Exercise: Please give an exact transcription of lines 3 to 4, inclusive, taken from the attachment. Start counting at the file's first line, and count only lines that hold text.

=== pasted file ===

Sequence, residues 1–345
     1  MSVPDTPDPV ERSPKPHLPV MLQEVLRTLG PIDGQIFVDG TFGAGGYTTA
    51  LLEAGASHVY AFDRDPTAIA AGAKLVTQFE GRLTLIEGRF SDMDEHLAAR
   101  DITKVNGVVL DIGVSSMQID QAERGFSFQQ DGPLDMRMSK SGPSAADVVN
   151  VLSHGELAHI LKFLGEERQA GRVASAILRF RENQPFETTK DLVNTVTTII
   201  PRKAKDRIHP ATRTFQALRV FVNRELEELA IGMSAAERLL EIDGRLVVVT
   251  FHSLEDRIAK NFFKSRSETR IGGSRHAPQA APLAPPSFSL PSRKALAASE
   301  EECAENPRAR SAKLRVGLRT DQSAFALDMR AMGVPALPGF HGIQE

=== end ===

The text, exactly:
    51  LLEAGASHVY AFDRDPTAIA AGAKLVTQFE GRLTLIEGRF SDMDEHLAAR
   101  DITKVNGVVL DIGVSSMQID QAERGFSFQQ DGPLDMRMSK SGPSAADVVN